Covid Cases in UK: Delta variant caused 50pc rise since May
The rapid spread of the Delta coronavirus variant has driven a 50 percent rise in infections in England since May, a large prevalence study led by Imperial College London found yesterday after Prime Minister Boris Johnson delayed the end of restrictions.
The government said the data supported Johnson's decision to push back the end of Covid restrictions in England to July 19, citing the threat of the Delta variant first identified in India, and the need to vaccinate more people.
The latest round of the REACT-1 prevalence survey, conducted between May 20 and June 7, found prevalence was 0.15%, compared to 0.10% in the last set of data from late April to early May.
"Prevalence is increasing exponentially, driven by younger ages... and it appears to be doubling every 11 days. Clearly, that is bad news," Steven Riley, professor of infectious disease dynamics, Imperial College London, told reporters.
The study is one of the largest prevalence surveys in Britain, with 109,000 volunteers tested in its latest round.
Riley added that Britain's high vaccination levels made it hard to predict how long that exponential growth would last, saying the rapid rollout of vaccine doses to younger age groups should slow it down.
According to Reuters, over half the adult population of Britain has received two vaccine doses, and more than three-quarters of adults have received at least one vaccine dose.
Although the Delta variant is shown to substantially reduce the effectiveness of one dose of vaccine against mild infection, two doses still provide good protection against severe disease, early evidence has shown.
The pandemic has killed at least 3,835,238 people worldwide since the virus first emerged in December 2019, according to an AFP compilation of official data yesterday.
PROBE SHOULD SHIFT TO US
Meanwhile, a senior Chinese expert said the United States should be the priority in the next phase of investigations into the origin of Covid-19 after a study showed the disease could have been circulating there as early as December 2019, state media said yesterday.
The study, published this week by the US National Institutes for Health (NIH), showed that at least seven people in five different US states were infected with SARS-CoV-2, the virus that causes Covid-19, weeks before the first official cases were reported.
Zeng Guang, chief epidemiologist with the Chinese Center for Disease Control and Prevention, told state-owned tabloid the Global Times that attention should now shift to the United States, which was slow to test people in the early stages of the outbreak, and is also the home of many biological laboratories.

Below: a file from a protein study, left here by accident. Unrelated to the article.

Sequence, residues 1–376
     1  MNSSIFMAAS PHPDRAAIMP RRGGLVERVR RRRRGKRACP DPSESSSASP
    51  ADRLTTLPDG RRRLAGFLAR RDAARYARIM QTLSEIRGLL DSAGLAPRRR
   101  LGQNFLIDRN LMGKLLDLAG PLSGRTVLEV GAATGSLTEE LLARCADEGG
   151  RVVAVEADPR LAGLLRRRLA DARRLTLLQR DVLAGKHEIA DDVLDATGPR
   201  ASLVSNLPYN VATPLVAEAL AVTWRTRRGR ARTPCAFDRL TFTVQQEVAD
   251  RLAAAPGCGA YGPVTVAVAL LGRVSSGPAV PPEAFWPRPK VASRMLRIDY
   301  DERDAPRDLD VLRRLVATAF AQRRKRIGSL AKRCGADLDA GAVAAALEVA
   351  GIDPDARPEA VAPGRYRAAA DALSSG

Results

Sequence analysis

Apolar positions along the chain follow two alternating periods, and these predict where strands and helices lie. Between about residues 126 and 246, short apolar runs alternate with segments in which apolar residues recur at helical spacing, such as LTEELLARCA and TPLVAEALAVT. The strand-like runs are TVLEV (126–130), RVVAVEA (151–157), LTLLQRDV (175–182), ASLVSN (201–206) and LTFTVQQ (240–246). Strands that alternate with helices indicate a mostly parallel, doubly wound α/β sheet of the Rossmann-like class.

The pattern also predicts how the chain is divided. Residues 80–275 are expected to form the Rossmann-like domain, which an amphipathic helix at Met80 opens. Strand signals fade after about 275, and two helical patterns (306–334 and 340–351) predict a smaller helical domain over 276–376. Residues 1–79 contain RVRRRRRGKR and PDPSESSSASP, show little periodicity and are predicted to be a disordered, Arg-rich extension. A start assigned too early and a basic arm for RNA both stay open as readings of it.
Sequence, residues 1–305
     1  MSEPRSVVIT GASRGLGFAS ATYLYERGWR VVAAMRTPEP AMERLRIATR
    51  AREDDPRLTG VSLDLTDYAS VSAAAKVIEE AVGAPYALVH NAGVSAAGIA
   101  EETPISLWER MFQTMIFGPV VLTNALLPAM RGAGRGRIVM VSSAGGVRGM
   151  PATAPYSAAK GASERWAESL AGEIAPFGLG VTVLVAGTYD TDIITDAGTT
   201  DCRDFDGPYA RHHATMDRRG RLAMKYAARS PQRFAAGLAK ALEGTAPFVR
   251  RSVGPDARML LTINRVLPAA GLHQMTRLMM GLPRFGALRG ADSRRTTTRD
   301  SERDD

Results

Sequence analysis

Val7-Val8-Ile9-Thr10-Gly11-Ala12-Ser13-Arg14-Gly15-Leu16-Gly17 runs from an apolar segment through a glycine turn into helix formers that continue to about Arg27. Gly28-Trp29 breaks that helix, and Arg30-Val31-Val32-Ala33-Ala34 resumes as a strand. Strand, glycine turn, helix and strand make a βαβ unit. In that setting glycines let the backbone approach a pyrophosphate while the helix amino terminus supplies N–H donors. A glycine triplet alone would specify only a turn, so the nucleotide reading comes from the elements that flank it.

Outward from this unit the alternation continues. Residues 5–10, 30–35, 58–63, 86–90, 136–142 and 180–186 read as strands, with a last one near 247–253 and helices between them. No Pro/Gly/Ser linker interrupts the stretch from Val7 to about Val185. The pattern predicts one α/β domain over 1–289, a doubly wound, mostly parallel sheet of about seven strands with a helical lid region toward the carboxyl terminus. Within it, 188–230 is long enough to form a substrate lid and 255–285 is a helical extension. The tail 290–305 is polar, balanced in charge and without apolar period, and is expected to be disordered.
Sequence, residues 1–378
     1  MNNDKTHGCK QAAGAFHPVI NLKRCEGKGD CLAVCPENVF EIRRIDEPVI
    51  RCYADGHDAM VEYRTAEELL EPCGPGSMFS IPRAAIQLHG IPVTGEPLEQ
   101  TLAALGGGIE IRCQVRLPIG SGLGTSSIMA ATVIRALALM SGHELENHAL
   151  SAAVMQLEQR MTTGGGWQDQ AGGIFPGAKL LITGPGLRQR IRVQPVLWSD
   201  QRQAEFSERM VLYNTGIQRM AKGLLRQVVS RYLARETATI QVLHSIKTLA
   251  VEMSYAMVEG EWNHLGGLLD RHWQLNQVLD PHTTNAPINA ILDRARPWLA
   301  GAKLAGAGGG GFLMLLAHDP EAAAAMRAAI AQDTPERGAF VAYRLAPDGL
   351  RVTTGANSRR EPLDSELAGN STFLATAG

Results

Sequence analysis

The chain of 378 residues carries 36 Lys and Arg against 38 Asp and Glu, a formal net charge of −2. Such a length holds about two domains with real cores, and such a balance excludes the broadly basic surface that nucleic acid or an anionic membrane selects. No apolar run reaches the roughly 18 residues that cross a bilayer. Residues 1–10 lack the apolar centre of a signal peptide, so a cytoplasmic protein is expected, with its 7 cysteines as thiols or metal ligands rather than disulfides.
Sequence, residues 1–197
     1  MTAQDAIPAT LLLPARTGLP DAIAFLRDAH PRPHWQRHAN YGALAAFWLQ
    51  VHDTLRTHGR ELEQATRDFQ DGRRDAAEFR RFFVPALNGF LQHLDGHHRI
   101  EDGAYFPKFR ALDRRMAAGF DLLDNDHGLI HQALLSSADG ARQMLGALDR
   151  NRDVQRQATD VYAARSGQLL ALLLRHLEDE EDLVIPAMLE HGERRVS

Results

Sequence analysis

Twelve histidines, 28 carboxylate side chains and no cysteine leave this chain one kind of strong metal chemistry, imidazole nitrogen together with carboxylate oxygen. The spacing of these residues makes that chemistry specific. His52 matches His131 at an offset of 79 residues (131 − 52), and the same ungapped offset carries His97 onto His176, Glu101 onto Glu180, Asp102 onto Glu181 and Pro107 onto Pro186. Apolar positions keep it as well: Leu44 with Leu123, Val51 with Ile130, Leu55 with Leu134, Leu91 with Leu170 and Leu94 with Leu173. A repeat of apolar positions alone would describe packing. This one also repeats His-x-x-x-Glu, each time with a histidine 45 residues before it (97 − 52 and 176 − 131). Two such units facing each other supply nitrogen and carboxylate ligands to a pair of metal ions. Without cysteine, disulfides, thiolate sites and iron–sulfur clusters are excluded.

"All bio-weapons related subjects that the country has should be subject to scrutiny," he was quoted as saying.
Commenting on the study on Wednesday, foreign ministry spokesman Zhao Lijian said it was now "obvious" that the Covid-19 outbreak had "multiple origins" and that other countries should cooperate with the World Health Organization (WHO).
Meanwhile, Japan's government yesterday approved lifting Tokyo's virus emergency just over a month before the Olympics, but set new restrictions that could sharply limit fans at Games events.
The state of emergency in place in Tokyo began in late April and largely limits bar and restaurant opening hours and bans them from selling alcohol.
In Australia, the government will recommend only people over 60 receive AstraZeneca's Covid-19 vaccine, the country's Minister for Health Greg Hunt said yesterday, following a spate of blood clots in those who have received the inoculation.
The World Health Organization said yesterday that infections in Africa are surging as a third wave of the pandemic gathers pace on the continent, fuelled by the spread of more contagious variants.
"Africa is in the midst of a full-blown third wave. The sobering trajectory of surging cases should rouse everyone into urgent action," WHO's regional director for Africa, Matshidiso Moeti, told an online news conference.
In France, people savoured a fresh sense of freedom yesterday as people were allowed to remove face masks when outside for the first time since last autumn and Disneyland Paris welcomed visitors after an eight-month Covid hiatus.
The easing of coronavirus rules came as authorities hailed a rapid decline in new cases on the eve of summer holidays, raising hopes for a more vibrant and relaxed tourist season.